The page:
James Boyle (who served as an expert adviser for the British Review) on the Hargreaves Report: “Copyright is supposed to make, not to break, markets. Yet the Review found that innovative digital businesses were strangling in the tangled web of licensing copyright has created.  As technologies have developed, copyright has created right after right to deal with them, each jealously guarded by its own collection society. Pity the poor entrepreneur who wants to create a new legal business and finds that technological happenstance means multiple rights are involved. This is good for no one (except the middle-men.)”

Stephen Advokat, A new era for Hollywood, Chicago Tribune, 3 January 1986.

Fred von Lohmann, “Fair Use as Innovation Policy,” Berkeley Technology Law Journal (2008). “This article contends that copyright law’s historical tolerance for such copying as a fair use has served as an important element of both copyright and innovation policy. This is because, to the extent it permits private copying, fair use creates incentives for technology companies to build innovative new products that enable such copying. Far from being an unfair “subsidy” from copyright owners to technology innovators, this aspect of fair use has yielded complementary technologies that enhance the value of copyrighted works.”

Fair Use – the essential innovation

In Posts on May 12, 2011 at 10:12 am

I usually focus on the creative development possible through fair dealing or fair use; those downstream uses of copyrighted work that facilitate research and learning, or, transformative uses that produce new works. However, there is another element of individual use that deserves attention. The arguably legitimate activities of time and format shifting carried out through private copying. We should not forget that economic prosperity, on a national scale, can be facilitated through these individual activities.

Last week I drew attention to the work of Consumers International (CI); I noted that their current IP Watchlist indicates that Malaysia, Japan, and the United Kingdom are considering implementing fair use within their domestic copyright laws. In a separate report, Access to Knowledge for Consumers – Reports of Campaigns and Research 2008-2010, is a chapter concerning Israeli copyright law and its implementation of fair use in 2007. The chapter, written by Dr. Nimrod Kozlovski, Jonathan J. Klinger, Uria Yarkoni and Nati Davidi, gives an apt summary of the history of Israeli copyright law and related ongoing activity.

The authors position fair use as part and parcel of Israel’s innovative potential. The advantage of protecting consumer rights is that individuals have the certainty to engage in business with others with productive gain for all:

We can see that in a series of cases, the Israeli courts favoured the free markets and competition over property rights, with the understanding that as innovation comes, there will be more welfare (p.177).

In terms of Israel’s progress, fair use is considered essential to achieve free markets and free competition.

This is a perspective that Ireland is now willing to consider. As was reported by John Kennedy on May 9, 2011, the Department of Enterprise, Trade and Innovation is seeking submissions concerning copyright. According to the department’s website:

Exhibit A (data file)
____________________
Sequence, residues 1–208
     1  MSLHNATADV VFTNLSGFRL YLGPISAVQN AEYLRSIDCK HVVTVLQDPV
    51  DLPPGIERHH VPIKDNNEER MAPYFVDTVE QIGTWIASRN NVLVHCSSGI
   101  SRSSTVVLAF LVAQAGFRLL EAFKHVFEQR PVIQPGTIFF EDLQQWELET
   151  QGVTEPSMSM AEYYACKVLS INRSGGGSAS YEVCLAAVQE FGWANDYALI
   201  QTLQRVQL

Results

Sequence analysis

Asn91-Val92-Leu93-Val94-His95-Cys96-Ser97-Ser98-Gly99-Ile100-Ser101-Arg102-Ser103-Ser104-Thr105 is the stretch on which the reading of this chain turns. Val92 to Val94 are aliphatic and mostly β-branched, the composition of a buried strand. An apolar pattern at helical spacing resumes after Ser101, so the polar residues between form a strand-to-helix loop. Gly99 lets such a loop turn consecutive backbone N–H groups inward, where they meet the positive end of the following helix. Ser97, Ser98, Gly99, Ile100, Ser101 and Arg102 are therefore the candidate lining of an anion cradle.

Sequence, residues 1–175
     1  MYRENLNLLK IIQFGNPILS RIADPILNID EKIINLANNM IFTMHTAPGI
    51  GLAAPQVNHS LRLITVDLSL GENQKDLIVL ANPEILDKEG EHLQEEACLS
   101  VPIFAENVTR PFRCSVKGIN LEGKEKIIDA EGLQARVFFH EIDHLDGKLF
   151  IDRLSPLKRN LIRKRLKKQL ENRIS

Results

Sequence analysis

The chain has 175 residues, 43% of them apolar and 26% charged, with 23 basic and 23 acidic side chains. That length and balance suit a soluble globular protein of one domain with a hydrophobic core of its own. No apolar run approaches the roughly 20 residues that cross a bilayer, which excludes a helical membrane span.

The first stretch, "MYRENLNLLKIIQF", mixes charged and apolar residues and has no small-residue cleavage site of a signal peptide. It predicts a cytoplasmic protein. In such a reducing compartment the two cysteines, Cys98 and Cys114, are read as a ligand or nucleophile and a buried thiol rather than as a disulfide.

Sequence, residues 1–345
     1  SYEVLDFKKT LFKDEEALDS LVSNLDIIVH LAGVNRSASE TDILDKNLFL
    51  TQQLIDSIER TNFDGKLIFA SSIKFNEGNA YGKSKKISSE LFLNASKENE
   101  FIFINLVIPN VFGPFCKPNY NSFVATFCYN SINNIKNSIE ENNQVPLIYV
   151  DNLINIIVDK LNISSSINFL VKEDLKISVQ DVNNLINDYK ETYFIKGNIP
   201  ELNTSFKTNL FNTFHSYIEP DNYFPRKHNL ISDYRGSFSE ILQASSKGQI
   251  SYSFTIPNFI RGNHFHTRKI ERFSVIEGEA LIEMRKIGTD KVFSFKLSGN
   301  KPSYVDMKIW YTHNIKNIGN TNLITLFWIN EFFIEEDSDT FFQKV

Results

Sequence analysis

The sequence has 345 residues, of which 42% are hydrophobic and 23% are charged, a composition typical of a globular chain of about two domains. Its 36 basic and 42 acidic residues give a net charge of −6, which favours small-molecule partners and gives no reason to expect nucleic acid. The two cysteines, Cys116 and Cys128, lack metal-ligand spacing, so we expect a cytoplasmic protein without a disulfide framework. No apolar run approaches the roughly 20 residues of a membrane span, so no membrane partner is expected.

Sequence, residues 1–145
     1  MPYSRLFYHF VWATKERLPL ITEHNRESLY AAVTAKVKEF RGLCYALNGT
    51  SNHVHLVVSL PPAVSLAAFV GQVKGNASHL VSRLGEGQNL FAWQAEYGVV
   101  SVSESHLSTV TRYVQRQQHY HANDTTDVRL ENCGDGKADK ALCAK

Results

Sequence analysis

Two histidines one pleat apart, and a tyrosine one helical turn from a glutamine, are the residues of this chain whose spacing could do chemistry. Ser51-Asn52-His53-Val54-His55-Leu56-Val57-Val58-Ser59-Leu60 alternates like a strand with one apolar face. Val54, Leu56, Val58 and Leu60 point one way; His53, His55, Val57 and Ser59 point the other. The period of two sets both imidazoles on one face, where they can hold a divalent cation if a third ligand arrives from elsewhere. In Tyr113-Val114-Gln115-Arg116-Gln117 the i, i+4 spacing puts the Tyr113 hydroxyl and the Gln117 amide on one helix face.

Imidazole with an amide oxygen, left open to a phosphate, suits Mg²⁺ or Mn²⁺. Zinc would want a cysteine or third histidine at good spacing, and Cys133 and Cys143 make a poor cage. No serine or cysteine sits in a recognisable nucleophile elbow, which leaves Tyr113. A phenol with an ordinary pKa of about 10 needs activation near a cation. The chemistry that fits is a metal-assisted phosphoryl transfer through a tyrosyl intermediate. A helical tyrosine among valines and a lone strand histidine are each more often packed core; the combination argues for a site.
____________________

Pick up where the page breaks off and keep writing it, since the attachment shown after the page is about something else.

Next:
There is a perception in certain industries that national copyright legislation does not cater well for the digital environment and actually creates barriers to innovation and the development of new business models.

The terms of reference for this review of copyright include, “Examine the US style ‘fair use’ doctrine to see if it would be appropriate in an Irish/EU context.” Interestingly enough, the terms also state that if suitable changes are not possible under the current constraints of EU copyright directives, Ireland will make recommendations for changes to those EU directives.

The United States is the foremost example of the creative development that can be fostered by maintaining flexible limits on copyright’s mandate. A point exemplified and emphasized by Google; two years ago the company called on the U.K. government to adopt fair use, and, two months ago followed it up by giving that same government a submission detailing the importance of fair use:

[Fair Use’s] flexibility has enabled it to protect both creative cultural output, such as parody or news commentary, and technological innovation built on digital copying. … Fair use is regularly referred to as the key tool by which the US fosters innovation … And the proof is in the pudding: no country in the world can compete with the U.S. for the most innovative search technologies, social networks, video and music hosting platform, and for the sheer generation of the most jobs and wealth in the Internet domain. If one is looking for evidence of how innovation succeeds, the best way is to look at those places where innovation has succeeded (see Section 4.2).

A more in-depth analysis of fair use as a catalyst for American innovation can be found in Fair Use As Innovation Policy (2008), by Fred von Lohmann (Senior Intellectual Property Attorney with the Electronic Frontier Foundation (EFF) and Lecturer at Stanford Law School.) He observes that the more noble aspects of unauthorized use of copyrighted material are easily and often defended – i.e., fair use preserves freedom of expression and fair use upholds the time-honoured process of creating something new by building on something old. But Lohmann focuses on the act of private copying with the reminder that until 1998 the U.S. followed a mantra of “innovate broadly first, regulate narrowly later (p.25)”. Those innovations took form in popular consumer technologies which depended on the legitimacy of allowing individuals to engage in private copying. Lohmann concludes: “From this observation grows the corollary that the fair use doctrine may well be playing an increasingly critical role in U.S. innovation policy (p.36).”

(And to naysayers who will complain that fair use is thus a subsidy to the high-tech sector paid for by content providers, Lohmann gives an extensive four-part rebuttal.)

It seems likely that the Federal Government of Canada will reintroduce Bill C-32 in the near future. Much has been made of the fact that Canadian copyright law has not been significantly altered since 1997. Rather than implementing measures deemed suitable for 1998, perhaps the government will look forward and position Canada as an early adopter of a proven digital economy catalyst. All that is needed is a little unshackled, innovative thinking.